Even if your teen needs to lose weight, talking to them constantly about their weight isn't the best strategy to help them to be healthy, according to the American Academy of Pediatrics (AAP). Focusing on weight or appearance can push kids toward eating disorders. Instead, it's better to forget about the scale and just help your kid to develop healthy habits. Photo by Connie Ma.
Family meals are one of the healthy habits the AAP encourages, since kids who eat with their family regularly are less likely to develop obesity or eating disorders. The link might be because of healthier food, or maybe just because it's good for parents and kids to have more time together.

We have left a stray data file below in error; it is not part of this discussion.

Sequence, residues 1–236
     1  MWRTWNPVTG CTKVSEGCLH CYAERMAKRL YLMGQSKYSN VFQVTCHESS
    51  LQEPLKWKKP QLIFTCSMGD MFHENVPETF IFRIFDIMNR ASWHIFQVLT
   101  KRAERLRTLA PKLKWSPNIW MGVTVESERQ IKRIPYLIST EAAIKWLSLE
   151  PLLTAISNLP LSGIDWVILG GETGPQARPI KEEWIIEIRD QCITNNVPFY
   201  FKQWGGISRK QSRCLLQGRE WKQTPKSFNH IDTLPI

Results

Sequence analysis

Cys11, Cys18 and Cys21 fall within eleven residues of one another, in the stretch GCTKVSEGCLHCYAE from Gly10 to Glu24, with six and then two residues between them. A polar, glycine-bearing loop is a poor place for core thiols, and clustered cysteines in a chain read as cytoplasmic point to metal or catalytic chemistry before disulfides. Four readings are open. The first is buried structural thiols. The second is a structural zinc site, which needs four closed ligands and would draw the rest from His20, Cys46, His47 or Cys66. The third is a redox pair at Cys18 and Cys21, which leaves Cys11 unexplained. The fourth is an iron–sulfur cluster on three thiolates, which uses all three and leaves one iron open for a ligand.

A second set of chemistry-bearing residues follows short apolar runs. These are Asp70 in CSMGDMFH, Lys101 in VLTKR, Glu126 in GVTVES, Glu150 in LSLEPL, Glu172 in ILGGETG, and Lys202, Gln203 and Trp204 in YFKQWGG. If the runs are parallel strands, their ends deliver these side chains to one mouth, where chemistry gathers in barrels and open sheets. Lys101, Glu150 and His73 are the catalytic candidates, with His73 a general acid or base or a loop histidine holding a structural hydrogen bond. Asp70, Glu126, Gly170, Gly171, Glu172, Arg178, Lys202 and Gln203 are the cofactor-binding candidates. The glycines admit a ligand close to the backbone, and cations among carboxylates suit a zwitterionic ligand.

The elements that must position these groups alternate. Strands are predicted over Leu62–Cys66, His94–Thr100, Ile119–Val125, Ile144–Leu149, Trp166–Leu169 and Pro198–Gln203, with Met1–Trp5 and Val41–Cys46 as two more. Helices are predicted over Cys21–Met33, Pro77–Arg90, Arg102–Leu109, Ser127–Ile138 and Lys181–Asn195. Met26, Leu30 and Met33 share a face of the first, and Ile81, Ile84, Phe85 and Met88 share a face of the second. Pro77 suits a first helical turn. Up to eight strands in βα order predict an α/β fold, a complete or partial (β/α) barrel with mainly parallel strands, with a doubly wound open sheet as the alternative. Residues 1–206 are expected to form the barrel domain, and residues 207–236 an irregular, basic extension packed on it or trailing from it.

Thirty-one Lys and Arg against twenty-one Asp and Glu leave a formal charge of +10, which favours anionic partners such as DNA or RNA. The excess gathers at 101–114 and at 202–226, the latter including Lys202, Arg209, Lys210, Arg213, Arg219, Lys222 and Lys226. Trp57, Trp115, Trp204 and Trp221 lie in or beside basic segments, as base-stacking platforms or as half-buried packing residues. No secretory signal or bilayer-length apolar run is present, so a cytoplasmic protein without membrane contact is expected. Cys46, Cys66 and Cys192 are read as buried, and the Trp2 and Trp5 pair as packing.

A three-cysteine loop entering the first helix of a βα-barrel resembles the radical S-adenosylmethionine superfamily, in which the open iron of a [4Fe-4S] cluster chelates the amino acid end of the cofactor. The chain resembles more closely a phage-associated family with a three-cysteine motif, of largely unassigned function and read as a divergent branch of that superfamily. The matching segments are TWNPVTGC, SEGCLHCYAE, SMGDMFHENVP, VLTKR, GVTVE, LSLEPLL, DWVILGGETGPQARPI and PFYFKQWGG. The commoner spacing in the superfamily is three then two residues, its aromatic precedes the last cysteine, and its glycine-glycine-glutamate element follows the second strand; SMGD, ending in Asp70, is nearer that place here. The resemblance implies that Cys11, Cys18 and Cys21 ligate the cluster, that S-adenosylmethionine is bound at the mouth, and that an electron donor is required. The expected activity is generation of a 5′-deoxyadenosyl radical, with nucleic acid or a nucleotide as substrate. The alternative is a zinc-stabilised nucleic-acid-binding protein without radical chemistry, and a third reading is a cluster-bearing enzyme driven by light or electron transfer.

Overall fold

Another strategy they recommend is keeping healthy foods, but not sugary beverages, easily available at home. Parents should also encourage exercise, and discourage screen time. What's not recommended? Talking about your teen's weight, teasing her about weight gain (yes, even playfully) and encouraging dieting.
You can read more at the links below. The advice is written for doctors, but parents are the ones who end up having the most influence over their teens' habits. If you'd like to make a plan for your own kid, ask your paediatrician for specifics.
Preventing Obesity and Eating Disorders in Adolescents [Pediatrics via CBS News]